Russian President Vladimir Putin was in South Korea yesterday, pushing a pet project for a new trading route linking Asia and Europe by rail that requires prying open North Korea.
The ambitious scheme envisages an "Iron Silk Road" uniting the rail networks of South and North Korea and connecting them to Europe via the Trans-Siberian Railway.
But it faces huge political obstacles. Speaking to a South Korea-Russia conference during his one-day visit, Putin acknowledged the difficulties.
"I hope political problems will be solved at an early date, as South Korea, North Korea and Russia will reap great economic benefits when it's completed," Putin said.
He urged South Korean investors to come on board, saying the project could help the "establishment of peace and stability".
Russia took a first step in September, when it completed a 54-kilometre section of track from its southeast border town of Khasan to the North Korean port of Rajin.
Located in North Korea's far northeast, where its borders and those of Russia and China converge, Rajin offers a warm-water port for the nation's two giant neighbours. Putin's desire is to see the rail link extended through North Korea and all the way down to the southern South Korean port of Busan.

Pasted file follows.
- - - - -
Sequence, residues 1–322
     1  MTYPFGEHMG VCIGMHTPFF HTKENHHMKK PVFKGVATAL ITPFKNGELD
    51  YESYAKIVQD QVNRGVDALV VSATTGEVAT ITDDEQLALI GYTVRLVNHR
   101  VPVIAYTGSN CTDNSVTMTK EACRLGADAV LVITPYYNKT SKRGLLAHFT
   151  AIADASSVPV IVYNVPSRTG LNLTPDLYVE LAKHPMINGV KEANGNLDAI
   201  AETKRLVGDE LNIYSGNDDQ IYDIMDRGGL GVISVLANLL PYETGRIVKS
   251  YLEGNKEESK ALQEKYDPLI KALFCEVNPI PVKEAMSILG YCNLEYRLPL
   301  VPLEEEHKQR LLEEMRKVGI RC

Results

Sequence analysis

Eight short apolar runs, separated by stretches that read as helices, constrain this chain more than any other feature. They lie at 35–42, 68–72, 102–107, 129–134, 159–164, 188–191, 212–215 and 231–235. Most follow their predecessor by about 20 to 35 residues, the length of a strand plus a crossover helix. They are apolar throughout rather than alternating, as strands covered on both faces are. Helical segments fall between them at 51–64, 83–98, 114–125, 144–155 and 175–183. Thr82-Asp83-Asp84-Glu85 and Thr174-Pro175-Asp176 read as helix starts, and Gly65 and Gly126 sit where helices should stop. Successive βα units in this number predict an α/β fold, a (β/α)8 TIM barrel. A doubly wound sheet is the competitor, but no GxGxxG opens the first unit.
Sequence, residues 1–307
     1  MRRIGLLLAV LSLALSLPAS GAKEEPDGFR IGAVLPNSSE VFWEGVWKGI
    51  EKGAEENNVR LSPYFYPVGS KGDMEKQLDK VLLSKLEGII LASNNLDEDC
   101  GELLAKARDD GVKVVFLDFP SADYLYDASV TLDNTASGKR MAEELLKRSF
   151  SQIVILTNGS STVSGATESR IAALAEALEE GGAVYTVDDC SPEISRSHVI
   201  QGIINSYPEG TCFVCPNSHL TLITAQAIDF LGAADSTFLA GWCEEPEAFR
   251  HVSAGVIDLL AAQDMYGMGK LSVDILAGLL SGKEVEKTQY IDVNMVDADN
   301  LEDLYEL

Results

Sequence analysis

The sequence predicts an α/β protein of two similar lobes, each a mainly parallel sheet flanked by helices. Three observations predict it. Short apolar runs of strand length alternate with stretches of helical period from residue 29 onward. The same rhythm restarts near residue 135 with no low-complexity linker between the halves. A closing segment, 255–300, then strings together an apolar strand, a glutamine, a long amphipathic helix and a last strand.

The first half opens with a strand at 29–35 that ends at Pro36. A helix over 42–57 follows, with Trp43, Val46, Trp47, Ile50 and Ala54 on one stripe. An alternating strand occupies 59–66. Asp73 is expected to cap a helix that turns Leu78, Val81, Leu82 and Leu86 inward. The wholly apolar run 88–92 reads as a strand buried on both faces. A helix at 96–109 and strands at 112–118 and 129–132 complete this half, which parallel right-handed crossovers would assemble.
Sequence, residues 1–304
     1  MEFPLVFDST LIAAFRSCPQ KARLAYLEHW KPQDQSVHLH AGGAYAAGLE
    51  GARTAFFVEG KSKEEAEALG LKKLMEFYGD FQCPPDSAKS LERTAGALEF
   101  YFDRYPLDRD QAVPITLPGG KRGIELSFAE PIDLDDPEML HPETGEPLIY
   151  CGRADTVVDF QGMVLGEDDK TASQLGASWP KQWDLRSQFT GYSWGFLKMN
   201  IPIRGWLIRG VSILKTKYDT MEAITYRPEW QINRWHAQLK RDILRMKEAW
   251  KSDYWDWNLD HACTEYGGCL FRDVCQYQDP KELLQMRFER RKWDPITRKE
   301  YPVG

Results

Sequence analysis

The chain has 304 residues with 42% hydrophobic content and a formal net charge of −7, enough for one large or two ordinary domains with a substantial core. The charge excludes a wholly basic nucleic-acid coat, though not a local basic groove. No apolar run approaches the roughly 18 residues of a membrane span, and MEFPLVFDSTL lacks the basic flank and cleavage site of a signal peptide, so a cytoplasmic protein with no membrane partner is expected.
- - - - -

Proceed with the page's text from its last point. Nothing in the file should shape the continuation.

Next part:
Media reports say Russia is looking for South Korea to take a 34 per cent share in the project, with Moscow holding 36 per cent and Pyongyang 30 per cent.
Steelmaker Posco, train operator Korail, and Hyundai Maritime have been suggested as possible members of a consortium to take on the South Korean share.
Professor Andrei Lankov, a Russian expert on North Korea who teaches at Seoul's Kookmin University, said: "The idea itself makes perfect sense from a trade and economic viewpoint.
"But this is clearly going to cost billions of dollars and what companies are going to risk that much investment with North Korea in the current climate?"